The wrong pair of sunglasses does more harm than good. That’s why sufficient UV protection is so important. Here’s what to look out for.
Be honest: Are you one of the many customers who, slightly overwhelmed by the sheer variety to choose from, have no idea where to start when shopping for sunglasses? There’s the John Lennon tribute glasses, and right next to those are the elegant cat-eye frames. And are those aviator glasses I see? Those are always in style. And they all have tinted lenses. But how’s a person supposed to know if the sunglasses do what they’re supposed to do? And what is it exactly that they’re supposed to do?
Generally speaking, sunglasses must fulfill two purposes:
- protection against UV rays
- protection against glare in very bright surroundings
These two criteria are not to be conflated. In other words, a pair of glasses that has darker lenses for more glare protection will not necessarily protect against UV rays. Conversely, sunglasses with 100% UV protection might have completely transparent lenses.
UV exposure is increasing
Let’s start with UV rays. Ultraviolet (UV) rays are nothing other than light that is invisible to us. And even though we cannot sense, smell or otherwise perceive these rays, they can damage our skin and our eyes. Ultraviolet light comprises UVA, UVB and UVC rays, which have wavelengths of between 100 and 400 nanometers. The shorter the wavelength, the more energy the light has—and thus the more damage it can cause.
The good news is that critical UVC rays, which have a very short wavelength, are completely absorbed by the earth’s atmosphere. They never make it as far as the ground, so our eyes are protected from them as well.
On the other hand, around 10% of UVB rays penetrate the ozone layer. That may not seem like much, but this will become increasingly problematic as the ozone layer continues to be depleted and more UVB rays manage to reach the earth’s surface.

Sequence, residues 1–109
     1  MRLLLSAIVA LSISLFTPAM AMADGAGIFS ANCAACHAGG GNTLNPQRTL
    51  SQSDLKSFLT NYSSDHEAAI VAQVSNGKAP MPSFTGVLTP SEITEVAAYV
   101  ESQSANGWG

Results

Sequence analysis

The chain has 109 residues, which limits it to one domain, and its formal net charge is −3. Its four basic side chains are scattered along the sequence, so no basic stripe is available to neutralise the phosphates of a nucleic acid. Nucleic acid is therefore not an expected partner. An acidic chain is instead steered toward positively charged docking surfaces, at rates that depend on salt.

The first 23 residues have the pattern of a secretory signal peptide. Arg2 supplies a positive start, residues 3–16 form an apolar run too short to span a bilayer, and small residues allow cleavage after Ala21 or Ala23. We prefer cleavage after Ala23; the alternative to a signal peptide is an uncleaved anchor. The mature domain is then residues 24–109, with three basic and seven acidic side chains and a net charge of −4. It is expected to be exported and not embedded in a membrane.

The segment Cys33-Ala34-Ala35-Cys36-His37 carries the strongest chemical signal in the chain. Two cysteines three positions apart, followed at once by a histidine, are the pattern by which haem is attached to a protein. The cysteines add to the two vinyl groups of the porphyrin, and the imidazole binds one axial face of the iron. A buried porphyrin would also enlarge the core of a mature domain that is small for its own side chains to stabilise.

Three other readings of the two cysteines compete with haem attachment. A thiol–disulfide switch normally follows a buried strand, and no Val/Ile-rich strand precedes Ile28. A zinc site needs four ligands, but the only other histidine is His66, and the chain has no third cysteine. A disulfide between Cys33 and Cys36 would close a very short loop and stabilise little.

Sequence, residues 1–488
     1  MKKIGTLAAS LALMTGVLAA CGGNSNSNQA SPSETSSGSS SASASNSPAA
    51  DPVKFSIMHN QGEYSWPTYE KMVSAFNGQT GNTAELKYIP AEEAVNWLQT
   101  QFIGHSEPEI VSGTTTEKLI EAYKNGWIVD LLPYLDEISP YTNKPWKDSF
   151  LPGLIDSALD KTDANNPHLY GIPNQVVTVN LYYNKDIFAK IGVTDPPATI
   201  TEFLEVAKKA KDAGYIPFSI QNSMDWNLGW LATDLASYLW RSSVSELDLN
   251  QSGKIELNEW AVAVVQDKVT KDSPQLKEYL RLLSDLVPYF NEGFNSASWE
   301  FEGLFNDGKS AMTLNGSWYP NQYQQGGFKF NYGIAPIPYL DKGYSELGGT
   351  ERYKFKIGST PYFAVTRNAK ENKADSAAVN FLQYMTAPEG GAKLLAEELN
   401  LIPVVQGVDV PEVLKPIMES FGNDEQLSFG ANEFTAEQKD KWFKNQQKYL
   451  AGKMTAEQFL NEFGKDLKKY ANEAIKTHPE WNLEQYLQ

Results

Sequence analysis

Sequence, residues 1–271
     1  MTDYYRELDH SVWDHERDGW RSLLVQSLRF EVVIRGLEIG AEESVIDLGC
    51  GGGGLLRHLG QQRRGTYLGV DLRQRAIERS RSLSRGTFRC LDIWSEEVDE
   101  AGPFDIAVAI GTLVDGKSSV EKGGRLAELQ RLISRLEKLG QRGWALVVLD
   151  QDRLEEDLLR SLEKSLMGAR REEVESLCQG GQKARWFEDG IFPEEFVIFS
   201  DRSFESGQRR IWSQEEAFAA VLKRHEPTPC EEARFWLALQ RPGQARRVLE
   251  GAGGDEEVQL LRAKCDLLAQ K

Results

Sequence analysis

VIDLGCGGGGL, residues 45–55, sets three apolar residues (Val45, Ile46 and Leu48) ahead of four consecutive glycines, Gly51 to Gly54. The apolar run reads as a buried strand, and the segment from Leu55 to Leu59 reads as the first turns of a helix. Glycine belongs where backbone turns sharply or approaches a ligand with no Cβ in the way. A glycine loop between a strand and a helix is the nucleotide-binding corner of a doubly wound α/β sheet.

Unlike UVB and UVC rays, UVA rays reach the earth’s surface completely unimpeded.
Did you know that …
… snow, sand and water can reflect up to 80% of UV rays, thus amplifying them?
… shadows (regardless of whether you’re under a tree or an umbrella) can reduce UV exposure?
… UV rays increase by 10% for every 1,000 meters ascended?
… UV exposure is increased by lightly overcast conditions and fog?
Luckily, there are measures we can take to protect ourselves against UV exposure. As our most important sensory organ, our eyes deserve extra special care and protection.
Cheap glasses typically offer less UV protection
The UV protection offered by sunglasses can be divided into two categories:
- The European CE marking
Sunglasses that are merely CE-certified offer the least amount of UV protection. They meet the minimum requirements that the EU places on sunglasses by protecting against wavelengths of 380 nanometers and up. Extra care is to be taken when using cheap sunglasses for which the origin cannot be determined: there are no independent inspection bodies, so knock-offs cannot be ruled out.
- UV400 or “100 percent UV protection”
You can tell high-quality sunglasses apart by their “UV400” or “100 percent UV protection” marking. Because harmful UV rays can be up to 400 nanometers in wavelength, these sunglasses provide protection beyond the required 380 nanometers. This way you can be sure that your sunglasses will provide reliable protection against the entire spectrum of harmful UV rays.
Lens tinting: glare protection and aesthetic
As long as the lenses provide sufficient protection against UV rays, the color of the lenses is more a matter of personal taste or the purpose for which they will be used. Even completely transparent lenses can provide maximum UV protection.
Did you know that our eyes have their own natural glare protection? When we squint or when our pupils contract, fewer rays can enter our eyes. This is another reason why sunglasses without sufficient UV protection are dangerous: because darker lenses eliminate glare, our pupils remain wide open, exposing our eyes to high levels of radiation.
There are five protection levels for the glare protection a pair of sunglasses offers. The higher the protection level, the darker the tint of the lens.
The right design: more is more!
When it comes to sunglasses, more is more! Because the larger the lenses of a pair of sunglasses, the more protection they provide against sunlight. UV rays don’t just enter the eye from in front, but also from the sides or from above. It’s a good idea to choose a large model that completely covers your eyebrows.